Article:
The guides of the present invention are intended to function generally with a retractor using one or more blades, for example, paired blades, where the retractor typically has some sort of curved surface or teeth at its distal portion. The teeth of the retractor are typically used to engage the undersurface of muscle or tissue to maintain retraction of those structures, and to minimize the risk of displacement of the retractor, and/or minimize the risk of displacement of the muscle or tissue from escaping retraction and falling back into the field of view.
 Referring to FIGS. 1-9B, a retractor guide constructed in accordance with an embodiment of the present invention is generally identified by the reference numeral 10. As best seen in FIGS. 1 and 2, the retractor guide 10 includes a blade portion 12 comprising a first blade member 14 and a second blade member 16. First blade member 14 and second blade member 16 are generally apposed and are structures that are mirror images of each other. The blade portion 12 of guide 10 preferably approximates a wedge-type of shape.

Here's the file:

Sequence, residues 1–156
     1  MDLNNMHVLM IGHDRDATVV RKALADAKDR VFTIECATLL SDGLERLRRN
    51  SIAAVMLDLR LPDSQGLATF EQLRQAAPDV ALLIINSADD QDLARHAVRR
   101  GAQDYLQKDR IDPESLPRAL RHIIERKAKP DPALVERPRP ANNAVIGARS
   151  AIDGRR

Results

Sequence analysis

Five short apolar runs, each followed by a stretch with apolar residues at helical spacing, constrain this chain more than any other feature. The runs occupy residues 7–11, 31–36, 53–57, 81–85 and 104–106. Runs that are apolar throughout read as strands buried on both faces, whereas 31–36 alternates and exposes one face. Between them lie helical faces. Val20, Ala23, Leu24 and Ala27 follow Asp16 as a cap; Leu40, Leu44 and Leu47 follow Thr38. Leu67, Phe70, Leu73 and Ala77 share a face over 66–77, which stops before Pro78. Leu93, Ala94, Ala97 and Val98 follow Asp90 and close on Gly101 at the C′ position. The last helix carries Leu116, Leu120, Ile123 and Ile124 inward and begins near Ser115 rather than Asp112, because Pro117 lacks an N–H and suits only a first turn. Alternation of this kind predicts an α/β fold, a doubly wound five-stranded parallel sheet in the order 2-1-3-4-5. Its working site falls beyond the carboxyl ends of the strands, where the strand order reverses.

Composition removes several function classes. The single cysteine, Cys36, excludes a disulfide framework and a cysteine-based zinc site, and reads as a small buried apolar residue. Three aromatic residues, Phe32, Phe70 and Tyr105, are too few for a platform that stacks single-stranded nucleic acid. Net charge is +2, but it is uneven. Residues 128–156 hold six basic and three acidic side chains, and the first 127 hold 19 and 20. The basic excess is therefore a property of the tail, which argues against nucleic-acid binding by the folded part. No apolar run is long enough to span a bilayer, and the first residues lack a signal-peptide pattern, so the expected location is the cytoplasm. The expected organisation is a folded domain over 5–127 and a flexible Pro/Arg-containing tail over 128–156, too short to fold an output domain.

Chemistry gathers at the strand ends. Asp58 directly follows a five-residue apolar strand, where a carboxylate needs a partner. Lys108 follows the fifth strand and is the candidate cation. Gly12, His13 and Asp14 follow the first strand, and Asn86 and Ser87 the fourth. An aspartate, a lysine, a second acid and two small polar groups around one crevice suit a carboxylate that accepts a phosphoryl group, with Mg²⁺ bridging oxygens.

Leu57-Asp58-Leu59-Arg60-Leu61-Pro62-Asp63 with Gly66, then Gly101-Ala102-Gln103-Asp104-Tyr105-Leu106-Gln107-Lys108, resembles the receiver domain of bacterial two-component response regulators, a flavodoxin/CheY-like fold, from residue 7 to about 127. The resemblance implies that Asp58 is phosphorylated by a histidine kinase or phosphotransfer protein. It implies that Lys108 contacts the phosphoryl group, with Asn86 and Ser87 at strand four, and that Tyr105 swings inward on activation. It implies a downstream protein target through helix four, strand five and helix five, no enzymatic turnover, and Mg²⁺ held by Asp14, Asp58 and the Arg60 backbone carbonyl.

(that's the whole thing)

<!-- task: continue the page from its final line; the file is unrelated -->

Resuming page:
The first blade member 14 and second blade member 16 include a generally smooth exterior surface 18 that extends from a distal end 20 to a proximal end 22 of the blade portion 12. The distal end 20 of each blade member 14 and 16 preferably includes a substantially quarter-rounded tip 23. The smooth exterior surface 18 and substantially quarter-rounded tips 23 of each blade member 14 and 16 provide a surface for sliding the blade portion 12 against tissue, preferably without cutting, catching or tearing of the tissue. Thus, the smooth exterior surface 18 preferably includes rounded edges, such as the quarter-rounded tips 23. The smooth exterior surface 18 allows the relatively small and narrow distal end 20 of the first and second blade members 14 and 16 to be inserted through tissue without causing unnecessary amounts of damage to the tissue overlying and/or surrounding the interior surgical site.